Point-of-care testing allows diagnoses in a physician’s office, an ambulance, the home, the field or in the hospital. The results of care are timely and allow rapid treatment to the patient.

The next decade will bring a new realm of precision and efficiency to the way information is transmitted and interpreted and thus the way medicine is practiced.

According to the National Institutes of Health (NIH), empowering clinicians to make decisions at the point-of-care has the potential to significantly impact healthcare delivery and to address the challenges of health disparities. “The success of a potential shift from curative medicine, to predictive, personalised, and pre-emptive medicine could rely on the development of portable diagnostic and monitoring devices for point-of-care testing.”

PAST

  • In the earliest days of medicine, healthcare was similar to point-of-care in that it was delivered in the patient’s home through physician house visits.
  • As medical discoveries were made and new technologies developed, care then shifted to specialised hospitals with an emphasis on curative medicine.
  • Large centralised laboratories were established, with cost-savings realised through the development of automated systems for analysis of patient samples.
  • Point-of-care devices were used on a limited basis in the hospital for rapid analysis in intensive care units and for simple home testing, such as with pregnancy test kits.

TODAY

  • Point-of-care testing gives immediate results in non-laboratory settings to support more patient-centred approaches to healthcare delivery.
  • The emphasis of care is shifting toward prevention and early detection of disease, as well as management of multiple chronic conditions.
  • The National Institutes of Health (NIH) supports the development of sensor and microsystem and low-cost imaging technologies for point-of-care testing. These instruments combine multiple analytical functions into self-contained, portable devices that can be used by non-specialists to detect and diagnose disease and can enable the selection of optimal therapies through patient screening and monitoring of a patient’s response to a chosen treatment.
  • Sensor technologies enable the rapid analysis of blood samples for several critical care assays, including blood chemistry, electrolytes, blood gases and haematology.
  • Biosensors are used clinically for toxicology and drug screens, measurement of blood cells and blood coagulations, bedside diagnosis of heart disease through detection of cardiac markers in the blood and glucose self-testing.
  • Current developments in point-of-care testing are addressing the challenges of diagnosis and treatment of cancer, stroke and cardiac patients.
  • The NIH notes that circulating tumour cells (CTCs) that spread, or metastasise, from a primary malignant tumour to distant organs are responsible for 90% of cancer-related deaths, a number that exceeds 500 000 every year in the United States alone. Early detection of cancer might be possible through capture and analysis of CTCs. In addition, the ability to capture and analyse CTCs in peripheral blood may be used in the development of therapeutic strategies that can be tailored to the individual patient and monitor an individual’s responses to cancer therapies.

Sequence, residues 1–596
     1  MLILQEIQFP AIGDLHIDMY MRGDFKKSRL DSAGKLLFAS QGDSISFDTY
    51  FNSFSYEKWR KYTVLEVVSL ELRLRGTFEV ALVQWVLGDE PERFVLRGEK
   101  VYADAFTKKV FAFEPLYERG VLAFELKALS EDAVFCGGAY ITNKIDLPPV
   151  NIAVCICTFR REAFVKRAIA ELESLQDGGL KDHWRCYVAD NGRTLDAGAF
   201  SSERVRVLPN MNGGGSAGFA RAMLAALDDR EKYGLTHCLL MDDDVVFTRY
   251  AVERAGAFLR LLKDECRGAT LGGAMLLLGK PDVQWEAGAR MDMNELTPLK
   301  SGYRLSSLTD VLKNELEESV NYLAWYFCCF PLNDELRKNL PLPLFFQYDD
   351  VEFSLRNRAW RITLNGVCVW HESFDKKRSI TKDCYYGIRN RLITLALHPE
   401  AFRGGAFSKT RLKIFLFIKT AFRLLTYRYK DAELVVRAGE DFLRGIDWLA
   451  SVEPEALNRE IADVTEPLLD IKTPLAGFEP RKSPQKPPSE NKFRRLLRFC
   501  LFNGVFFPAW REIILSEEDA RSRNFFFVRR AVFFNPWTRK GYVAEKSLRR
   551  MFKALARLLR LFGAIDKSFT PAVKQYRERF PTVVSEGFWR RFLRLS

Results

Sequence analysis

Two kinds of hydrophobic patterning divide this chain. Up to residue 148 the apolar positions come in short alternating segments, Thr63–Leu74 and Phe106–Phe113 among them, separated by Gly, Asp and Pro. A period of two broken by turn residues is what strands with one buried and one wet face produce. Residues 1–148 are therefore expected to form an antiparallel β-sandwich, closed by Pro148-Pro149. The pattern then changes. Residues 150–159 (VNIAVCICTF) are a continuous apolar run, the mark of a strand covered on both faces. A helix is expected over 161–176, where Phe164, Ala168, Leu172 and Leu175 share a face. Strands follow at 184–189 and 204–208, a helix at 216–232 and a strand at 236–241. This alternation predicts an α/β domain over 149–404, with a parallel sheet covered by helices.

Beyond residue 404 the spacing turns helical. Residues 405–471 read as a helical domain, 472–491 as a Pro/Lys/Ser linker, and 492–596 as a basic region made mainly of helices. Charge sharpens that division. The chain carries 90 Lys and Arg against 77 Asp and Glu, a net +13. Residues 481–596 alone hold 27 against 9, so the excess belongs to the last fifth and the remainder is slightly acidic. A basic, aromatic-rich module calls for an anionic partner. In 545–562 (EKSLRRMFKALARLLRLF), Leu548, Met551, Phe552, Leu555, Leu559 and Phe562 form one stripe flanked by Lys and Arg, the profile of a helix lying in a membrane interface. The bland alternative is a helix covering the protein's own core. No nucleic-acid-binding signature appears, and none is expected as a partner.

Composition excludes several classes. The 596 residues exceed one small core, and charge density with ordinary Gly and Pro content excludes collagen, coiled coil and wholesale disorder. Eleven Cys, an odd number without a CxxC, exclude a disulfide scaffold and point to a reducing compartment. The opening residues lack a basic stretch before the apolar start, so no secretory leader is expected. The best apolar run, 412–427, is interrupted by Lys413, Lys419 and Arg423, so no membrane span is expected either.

• Researchers supported by National Institute of Biomedical Imaging and Bioengineering (NIBIB) have developed a unique microfluidic device capable of efficient separation of CTCs from whole blood. This technology has broad implications both for advancing cancer biology research and for the clinical management of cancer, including detection, diagnosis and monitoring.

FUTURE

  • With the development of devices and wireless communication, the way in which doctors care for patients will change dramatically. Patients will play a larger part in their own healthcare. Health will become more personalised through tailoring of interventions to individual patients.
  • According to the NIH, “The next decade will bring a new realm of precision and efficiency to the way information is transmitted and interpreted and thus the way medicine is practiced. In the future, clinicians may be able to improve the regulation of diet in infants with inborn errors of metabolism through bedside monitoring. Currently, management of such diseases requires complex testing in a hospital setting. However, researchers are developing a chemical sensor, using a small sample of blood from a finger stick, which changes colour in response to metabolic irregularities. When such abnormalities are found, the diet of the infant can be adjusted immediately to prevent adverse effects such as mental retardation.”
  • Low-cost diagnostic imaging devices can be used at the point of care for disadvantaged and under-served patients. The development of low-cost imaging devices could make affordable diagnostic imaging more widely available, particularly in rural settings and small hospitals that do not have these technologies.
  • For example, a new method using an optical probe for cervical cancer detection and treatment could significantly lower the mortality rate worldwide.

“Combining a small optical imaging device with a treatment modality could provide both diagnosis and treatment of cervical cancer at the same time.”